Spotify plans to go public on April 3
Next month, Spotify will begin trading on the New York Stock Exchange with a public debut unlike any other.
Spotify execs won’t ring a bell on the stock exchange on the day it goes public. The CEO won’t do any interviews on the trading floor. The team won’t even throw a party for itself to celebrate the milestone.
“For us, going public has never really been about the pomp or circumstance of it all,” Daniel Ek, Spotify’s CEO and founder, said at an investor event Thursday. The company used the event to announce plans to begin trading on April 3.
The absence of Wall Street ceremony only adds to the unusual nature of Spotify’s IPO. The streaming music company filed paperwork last month to list its shares directly on the NYSE. Unlike traditional IPOs, Spotify will not raise new capital. Instead it will simply list existing shares held by company insiders.
Spotify also will not rely on underwriters to help assess market demand and set an initial price for the stock. As a result, Spotify said in its filing that “the trading volume and price of our ordinary shares may be more volatile.”
On Thursday, before executives discussed the company’s business fundamentals and ambitions, they first had to address the elephant in the room: choosing an atypical IPO process with clear risks.
“The traditional model for taking a company public just isn’t a very good fit for us,” Ek said in his opening remarks on stage, forfeiting Wall Street attire for white sneakers, a white t-shirt and a blazer.
A key sticking point, according to Ek, is the lockup period that is customary when companies go public. The lockup agreement is intended to help stabilize the stock by preventing employees and early investors from dumping shares immediately after a company goes public.
“We have allowed shareholders and employees to buy and sell stock for years,” Ek said. “That shouldn’t stop just because our stock is more widely owned.”
In a video explainer published on Spotify’s investor page shortly before the event kicked off, the company said it is “well capitalized” and does not need to raise new capital through a public offering.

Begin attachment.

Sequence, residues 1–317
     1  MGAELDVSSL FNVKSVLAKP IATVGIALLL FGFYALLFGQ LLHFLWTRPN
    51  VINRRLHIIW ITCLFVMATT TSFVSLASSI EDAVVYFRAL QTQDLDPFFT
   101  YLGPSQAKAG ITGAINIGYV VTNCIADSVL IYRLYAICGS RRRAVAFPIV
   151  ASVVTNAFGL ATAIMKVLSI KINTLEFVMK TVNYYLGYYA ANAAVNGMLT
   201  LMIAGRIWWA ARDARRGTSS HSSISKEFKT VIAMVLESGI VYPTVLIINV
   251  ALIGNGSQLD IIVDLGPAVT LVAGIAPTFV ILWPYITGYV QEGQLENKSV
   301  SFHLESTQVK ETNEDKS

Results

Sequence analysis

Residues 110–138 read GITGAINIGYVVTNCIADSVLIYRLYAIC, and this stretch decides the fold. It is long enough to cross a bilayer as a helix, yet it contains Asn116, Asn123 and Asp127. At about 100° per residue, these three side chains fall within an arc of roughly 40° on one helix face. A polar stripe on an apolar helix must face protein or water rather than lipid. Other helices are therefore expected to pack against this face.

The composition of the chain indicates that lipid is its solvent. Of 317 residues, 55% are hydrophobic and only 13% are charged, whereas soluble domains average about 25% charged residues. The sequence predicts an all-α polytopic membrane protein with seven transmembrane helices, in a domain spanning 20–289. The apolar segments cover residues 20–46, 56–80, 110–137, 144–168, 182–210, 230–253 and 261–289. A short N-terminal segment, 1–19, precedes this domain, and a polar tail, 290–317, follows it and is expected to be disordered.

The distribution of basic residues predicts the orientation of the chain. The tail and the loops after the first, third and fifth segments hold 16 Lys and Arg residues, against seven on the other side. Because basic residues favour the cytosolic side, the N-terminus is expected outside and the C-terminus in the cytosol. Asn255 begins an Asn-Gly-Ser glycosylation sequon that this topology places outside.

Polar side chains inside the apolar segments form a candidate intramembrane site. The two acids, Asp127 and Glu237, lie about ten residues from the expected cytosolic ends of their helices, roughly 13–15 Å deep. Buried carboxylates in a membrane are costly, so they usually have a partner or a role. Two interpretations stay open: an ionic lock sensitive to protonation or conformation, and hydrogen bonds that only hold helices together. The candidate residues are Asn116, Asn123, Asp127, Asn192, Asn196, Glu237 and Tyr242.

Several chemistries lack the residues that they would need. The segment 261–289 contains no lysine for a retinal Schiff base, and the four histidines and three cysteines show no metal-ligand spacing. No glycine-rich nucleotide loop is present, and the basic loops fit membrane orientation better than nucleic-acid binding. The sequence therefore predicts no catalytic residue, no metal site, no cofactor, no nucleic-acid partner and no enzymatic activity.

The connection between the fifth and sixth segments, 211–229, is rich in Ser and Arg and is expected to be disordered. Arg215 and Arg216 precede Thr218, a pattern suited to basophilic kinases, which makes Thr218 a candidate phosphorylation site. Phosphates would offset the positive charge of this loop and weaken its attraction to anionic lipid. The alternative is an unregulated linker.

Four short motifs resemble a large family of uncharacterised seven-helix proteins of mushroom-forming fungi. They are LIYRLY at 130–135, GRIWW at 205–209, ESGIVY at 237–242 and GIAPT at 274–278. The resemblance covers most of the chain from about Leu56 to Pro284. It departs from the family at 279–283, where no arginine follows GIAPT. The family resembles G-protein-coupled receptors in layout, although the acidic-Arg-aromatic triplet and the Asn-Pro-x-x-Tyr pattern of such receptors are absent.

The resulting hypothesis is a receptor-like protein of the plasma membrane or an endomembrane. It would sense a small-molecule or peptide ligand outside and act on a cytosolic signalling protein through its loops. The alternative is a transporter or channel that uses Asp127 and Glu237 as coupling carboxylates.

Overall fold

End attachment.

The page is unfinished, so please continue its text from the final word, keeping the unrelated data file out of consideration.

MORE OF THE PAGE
“There’s no reason to dilute our existing shareholders to raise money we don’t need,” the company said in the video.
The goal of this public offering, according to Spotify, is simply to “offer liquidity for shareholders.”
Spotify was founded more than a decade ago and helped shift the music industry from the era of illegal downloads to legal streaming on demand. It upended Pandora’s business and has grown in spite of threats from larger rivals like Apple and Google.
The service has 159 million monthly users, 71 million of which pay for a premium subscription, according to its IPO paperwork. Apple Music, launched in 2015, has around half that amount.
Spotify sales grew to nearly $5 billion in 2017, up from about $3.6 billion in the year prior. But its losses more than doubled to $1.5 billion as it is hit by the cost of licensing content.
At the investor event Thursday, Spotify execs talked up its global scale, brand awareness, algorithmic music curation and tools provided for music creators to connect with fans.
“We don’t really think of Spotify as just a streaming music anymore. Instead we are building a vibrant ecosystem of macro and micro markets around the world that is creating an opportunity for artists of every level of fame,” Ek said. “I think this puts us on a growth trajectory of generational proportions.”